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In Defense of the Free Meandering Brook.

Blog posts reflect the views of their authors.
In Defense of the Free Meandering Brook.

 

It was one of the first warm days of summer, I sat next to Mark in his parents mini van that he’d borrowed to bring home the last of his music equipment from college. He was going home to Vergenne, a small town just outside of Burlington, Vermont while I was headed north to Montreal to do a summer internship. He was happy to have company on the eight hour drive from the coast of Maine, up the scenic route 2 highway through the white mountain range of New Hampshire, the tiny farming communities and breath taking green landscapes of Vermont. We were in the wake of graduation and the joyful parties that followed. As we drove the conversation fell upon education and Mark began to tell me about his experience in the Vergenne public school system.

Mark: This guy Matt Schlein, he was a teacher at the pubic school. He raised money and bought this 260 acre property near by. Every morning about 25 of us would get dropped of there and walk about 30 minutes into the woods. We’d start making a fire right away.

Me:Who were the 25?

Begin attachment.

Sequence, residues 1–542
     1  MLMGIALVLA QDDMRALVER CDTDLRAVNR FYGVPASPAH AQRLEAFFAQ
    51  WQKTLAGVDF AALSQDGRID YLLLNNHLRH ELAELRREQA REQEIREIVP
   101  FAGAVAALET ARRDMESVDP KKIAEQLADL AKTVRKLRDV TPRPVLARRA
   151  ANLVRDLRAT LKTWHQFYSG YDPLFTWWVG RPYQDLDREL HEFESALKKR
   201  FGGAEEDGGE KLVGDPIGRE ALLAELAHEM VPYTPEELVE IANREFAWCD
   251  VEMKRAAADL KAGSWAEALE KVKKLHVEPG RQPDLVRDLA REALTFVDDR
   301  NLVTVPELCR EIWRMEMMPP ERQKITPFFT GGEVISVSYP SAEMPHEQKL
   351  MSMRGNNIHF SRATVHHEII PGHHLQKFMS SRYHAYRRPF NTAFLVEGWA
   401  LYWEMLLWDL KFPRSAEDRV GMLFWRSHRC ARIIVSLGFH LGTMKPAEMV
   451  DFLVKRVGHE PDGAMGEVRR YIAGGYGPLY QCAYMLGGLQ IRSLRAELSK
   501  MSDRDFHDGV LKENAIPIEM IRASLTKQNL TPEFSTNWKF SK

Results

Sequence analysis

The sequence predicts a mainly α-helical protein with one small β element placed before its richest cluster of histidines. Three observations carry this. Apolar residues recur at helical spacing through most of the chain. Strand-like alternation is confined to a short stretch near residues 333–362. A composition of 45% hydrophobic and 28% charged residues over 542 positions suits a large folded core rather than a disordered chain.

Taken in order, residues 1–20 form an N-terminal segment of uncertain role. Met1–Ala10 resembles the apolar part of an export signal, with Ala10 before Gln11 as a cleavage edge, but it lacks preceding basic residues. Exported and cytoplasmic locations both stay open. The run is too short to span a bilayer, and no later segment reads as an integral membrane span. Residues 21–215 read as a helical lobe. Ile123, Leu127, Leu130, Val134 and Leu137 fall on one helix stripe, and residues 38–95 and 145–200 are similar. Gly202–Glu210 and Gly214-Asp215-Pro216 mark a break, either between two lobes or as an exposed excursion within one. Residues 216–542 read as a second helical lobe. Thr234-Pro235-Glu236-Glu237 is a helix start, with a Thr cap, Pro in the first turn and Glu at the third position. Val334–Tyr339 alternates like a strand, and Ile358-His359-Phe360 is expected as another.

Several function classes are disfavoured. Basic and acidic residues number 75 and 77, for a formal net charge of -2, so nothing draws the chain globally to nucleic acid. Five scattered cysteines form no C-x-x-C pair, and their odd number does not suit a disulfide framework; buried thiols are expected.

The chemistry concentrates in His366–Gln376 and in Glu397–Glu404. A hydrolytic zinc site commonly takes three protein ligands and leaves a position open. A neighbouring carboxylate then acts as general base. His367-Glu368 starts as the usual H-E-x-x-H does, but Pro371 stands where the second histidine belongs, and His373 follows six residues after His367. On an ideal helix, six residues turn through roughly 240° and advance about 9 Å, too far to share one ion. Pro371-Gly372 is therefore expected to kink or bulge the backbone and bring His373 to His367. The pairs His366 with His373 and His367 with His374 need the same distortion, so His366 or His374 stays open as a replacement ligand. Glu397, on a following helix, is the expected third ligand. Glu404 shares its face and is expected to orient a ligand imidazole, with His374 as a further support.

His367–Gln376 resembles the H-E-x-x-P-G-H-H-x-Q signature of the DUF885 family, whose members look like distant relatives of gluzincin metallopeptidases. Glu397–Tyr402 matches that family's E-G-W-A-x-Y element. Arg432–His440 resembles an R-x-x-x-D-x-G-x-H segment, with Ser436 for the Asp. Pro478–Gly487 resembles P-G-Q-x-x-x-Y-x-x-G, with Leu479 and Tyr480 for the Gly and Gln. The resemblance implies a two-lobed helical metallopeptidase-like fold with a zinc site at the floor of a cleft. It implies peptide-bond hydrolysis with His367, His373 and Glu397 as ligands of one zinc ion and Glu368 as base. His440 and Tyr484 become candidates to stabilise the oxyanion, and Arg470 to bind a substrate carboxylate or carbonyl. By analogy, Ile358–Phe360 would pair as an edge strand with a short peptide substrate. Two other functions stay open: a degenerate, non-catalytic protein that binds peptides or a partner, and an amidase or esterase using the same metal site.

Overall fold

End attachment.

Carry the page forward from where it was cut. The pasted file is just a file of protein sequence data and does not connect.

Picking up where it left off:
Mark: The Walden kids, we were all a bunch of misfits. Everyone had a different reason for being there. For whatever reason we all just couldn’t deal with being in the regular classroom. Some kids had major problems at home. Not everyone has a perfect life, ya know? Some people just couldn’t deal socially with high school, and some just hated being stuck in a little room, sitting at a desk all day under florescent lights, bored to death. So they decided they’d rather be out in the woods.

Me: Why were you called the Walden kids?

Mark: The project was based on the teachings of Henry David Thoreau. One of the few true American philosophers haha. That’s why it was out in the wood. He believed in living simply and being in nature so we didn’t have any shelter either, just a sort of lean-to to get out of the rain or snow.

Me: Whoa. Even in the winter?

Mark: Yeah, it was pretty frigging rugged, but I loved it. On really rough days we just focused on how to keep warm and survive mostly. But we were all in it together it was really fun.

Me: I bet you can make a fire in the woods no problem.

Mark: Every one of us could make fire in any weather with nothing but what we find on the ground. I don’t even think of myself as someone who’s interested in wilderness skills per say but I do think that’s important.

Me: What were the classes like?

Mark: We did all the usual subjects but we got to go with how the group was feeling. Every morning everybody was supposed to come with something to talk about, a current event or issue they read about the night before. We’d start from there and sometimes those talks would get us off on a project or a writing assignment. We talked about lots of stuff. We all hated Bush haha.